Aerial video shows the aftermath of Hurricane Irma on St. Thomas in the U.S Virgin Islands. (Sept. 12)
ST. THOMAS, U.S. Virgin Islands — The last of the late-summer tourists were gone Wednesday from the U.S. Virgin Islands, ferried away from the wreckage of Hurricane Irma in cruise ships bound for Puerto Rico and Miami.
Most part-time residents — and anyone else who didn’t have to stay — had cleared out as well, back to homes on the mainland with water, power and Internet, and where food isn’t scarce.
Those left behind on St. Thomas and St. John were surviving on whatever they could find as they tried to repair or secure their houses with whatever materials were available. They had to dodge downed power lines that snaked through hills that were a deep green before the storm but had been so stripped of leaves and trees that they were brown and desolate.
Many were surviving on military rations handed out by U.S. Marines and the National Guard or at a local church that was serving 500 people per day.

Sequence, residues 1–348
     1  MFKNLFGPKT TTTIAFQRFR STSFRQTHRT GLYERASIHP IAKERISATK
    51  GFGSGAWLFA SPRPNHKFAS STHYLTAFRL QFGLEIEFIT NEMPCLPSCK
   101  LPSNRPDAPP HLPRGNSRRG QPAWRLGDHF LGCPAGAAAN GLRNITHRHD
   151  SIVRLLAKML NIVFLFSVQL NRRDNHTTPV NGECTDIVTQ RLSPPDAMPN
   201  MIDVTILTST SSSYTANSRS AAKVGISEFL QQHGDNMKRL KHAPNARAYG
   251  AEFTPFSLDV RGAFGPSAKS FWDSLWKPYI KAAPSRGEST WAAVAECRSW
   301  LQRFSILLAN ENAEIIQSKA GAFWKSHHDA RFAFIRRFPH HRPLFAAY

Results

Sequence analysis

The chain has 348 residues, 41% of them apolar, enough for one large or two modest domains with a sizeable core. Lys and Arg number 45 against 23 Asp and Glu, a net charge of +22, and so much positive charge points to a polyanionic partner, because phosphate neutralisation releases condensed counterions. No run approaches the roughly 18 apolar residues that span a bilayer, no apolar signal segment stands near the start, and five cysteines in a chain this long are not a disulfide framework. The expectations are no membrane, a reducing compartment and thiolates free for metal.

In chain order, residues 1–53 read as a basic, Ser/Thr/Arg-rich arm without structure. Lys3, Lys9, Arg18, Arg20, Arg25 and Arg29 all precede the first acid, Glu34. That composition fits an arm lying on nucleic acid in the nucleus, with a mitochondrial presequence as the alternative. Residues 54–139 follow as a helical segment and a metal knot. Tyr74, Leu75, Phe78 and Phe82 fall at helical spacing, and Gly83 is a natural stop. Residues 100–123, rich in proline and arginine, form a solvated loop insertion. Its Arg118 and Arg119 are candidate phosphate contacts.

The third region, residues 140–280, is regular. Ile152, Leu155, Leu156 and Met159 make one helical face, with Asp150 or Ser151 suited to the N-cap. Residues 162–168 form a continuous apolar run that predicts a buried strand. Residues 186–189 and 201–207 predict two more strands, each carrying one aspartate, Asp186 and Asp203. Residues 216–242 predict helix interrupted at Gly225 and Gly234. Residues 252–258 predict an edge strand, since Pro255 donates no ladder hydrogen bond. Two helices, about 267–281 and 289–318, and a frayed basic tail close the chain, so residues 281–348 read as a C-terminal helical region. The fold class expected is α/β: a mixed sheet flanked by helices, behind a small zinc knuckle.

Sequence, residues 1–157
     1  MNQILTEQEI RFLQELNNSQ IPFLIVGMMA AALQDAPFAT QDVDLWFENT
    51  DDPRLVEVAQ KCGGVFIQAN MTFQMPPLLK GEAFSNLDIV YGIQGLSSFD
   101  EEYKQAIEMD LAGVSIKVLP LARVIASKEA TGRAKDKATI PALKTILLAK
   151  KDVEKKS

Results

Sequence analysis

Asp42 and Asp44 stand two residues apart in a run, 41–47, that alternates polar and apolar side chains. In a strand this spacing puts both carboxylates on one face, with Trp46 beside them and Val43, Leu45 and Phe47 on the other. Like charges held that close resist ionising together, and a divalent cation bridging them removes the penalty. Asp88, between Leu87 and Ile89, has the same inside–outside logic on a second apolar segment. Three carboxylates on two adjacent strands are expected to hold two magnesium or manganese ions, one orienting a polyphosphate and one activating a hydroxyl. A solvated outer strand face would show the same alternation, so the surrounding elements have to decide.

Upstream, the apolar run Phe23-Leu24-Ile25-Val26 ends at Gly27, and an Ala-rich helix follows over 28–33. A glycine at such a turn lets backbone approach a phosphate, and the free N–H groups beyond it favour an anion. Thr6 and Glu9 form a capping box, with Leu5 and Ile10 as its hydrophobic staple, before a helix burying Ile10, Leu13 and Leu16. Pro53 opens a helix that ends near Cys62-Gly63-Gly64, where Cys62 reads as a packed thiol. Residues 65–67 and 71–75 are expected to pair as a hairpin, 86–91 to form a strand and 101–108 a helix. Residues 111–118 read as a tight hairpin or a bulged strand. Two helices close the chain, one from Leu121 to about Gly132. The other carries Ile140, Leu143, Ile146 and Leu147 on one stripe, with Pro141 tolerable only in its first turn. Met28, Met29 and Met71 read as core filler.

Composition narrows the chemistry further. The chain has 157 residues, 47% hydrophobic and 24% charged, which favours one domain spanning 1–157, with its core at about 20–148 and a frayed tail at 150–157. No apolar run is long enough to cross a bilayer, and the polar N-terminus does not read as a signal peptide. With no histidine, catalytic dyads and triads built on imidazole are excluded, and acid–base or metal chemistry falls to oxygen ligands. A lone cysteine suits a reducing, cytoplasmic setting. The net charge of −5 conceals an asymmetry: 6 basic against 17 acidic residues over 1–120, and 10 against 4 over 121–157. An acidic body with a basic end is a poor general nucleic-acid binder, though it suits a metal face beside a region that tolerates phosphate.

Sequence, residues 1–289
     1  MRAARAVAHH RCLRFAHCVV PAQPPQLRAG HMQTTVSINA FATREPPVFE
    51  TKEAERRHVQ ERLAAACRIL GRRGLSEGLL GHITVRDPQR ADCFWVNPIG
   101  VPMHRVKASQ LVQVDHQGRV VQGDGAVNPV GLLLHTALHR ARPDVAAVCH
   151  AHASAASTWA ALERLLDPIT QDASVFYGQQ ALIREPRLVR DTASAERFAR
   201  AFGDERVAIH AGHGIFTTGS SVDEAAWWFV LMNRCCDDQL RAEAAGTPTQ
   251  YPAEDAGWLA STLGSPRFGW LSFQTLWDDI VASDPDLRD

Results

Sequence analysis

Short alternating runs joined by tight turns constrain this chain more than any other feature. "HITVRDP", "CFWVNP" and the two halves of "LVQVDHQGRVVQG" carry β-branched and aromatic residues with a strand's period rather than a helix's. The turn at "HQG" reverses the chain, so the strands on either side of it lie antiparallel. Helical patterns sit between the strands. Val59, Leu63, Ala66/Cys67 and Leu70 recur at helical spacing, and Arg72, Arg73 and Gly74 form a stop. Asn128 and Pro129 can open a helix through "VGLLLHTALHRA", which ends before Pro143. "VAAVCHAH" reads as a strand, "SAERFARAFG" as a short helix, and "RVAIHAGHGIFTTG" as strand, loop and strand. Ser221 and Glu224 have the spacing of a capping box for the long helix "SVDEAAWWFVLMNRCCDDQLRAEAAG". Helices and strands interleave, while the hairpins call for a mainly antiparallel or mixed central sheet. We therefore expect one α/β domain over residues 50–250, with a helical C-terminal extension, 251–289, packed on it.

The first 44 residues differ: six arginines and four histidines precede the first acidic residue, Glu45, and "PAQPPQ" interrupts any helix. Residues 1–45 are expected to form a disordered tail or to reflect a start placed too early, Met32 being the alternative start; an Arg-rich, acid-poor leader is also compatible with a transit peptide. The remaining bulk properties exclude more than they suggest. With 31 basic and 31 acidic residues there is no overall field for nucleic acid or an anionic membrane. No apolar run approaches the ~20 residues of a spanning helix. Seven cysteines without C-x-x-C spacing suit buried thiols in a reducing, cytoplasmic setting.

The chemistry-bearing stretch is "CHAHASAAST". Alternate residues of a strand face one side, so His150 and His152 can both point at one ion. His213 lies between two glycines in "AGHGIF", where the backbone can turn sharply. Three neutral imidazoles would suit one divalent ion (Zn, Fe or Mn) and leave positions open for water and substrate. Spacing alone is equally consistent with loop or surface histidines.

“What I see are people coming who are hungry, who are tired, who are thirsty and need help,” said Jeff Neevel, the pastor of the St. Thomas Reformed Church in the Virgin Islands capital, Charlotte Amalie. “It’s a destruction zone. Everything is destroyed. Everything.”
His church got power Tuesday for the first time since the storm hit a week earlier, because it had been designated an official food distribution center. Neevel said one of the most critical needs he sees was for tarps to protect the many homes that had lost roofs. People were also desperate for power and water so they could get back to work and return to some sense of normalcy.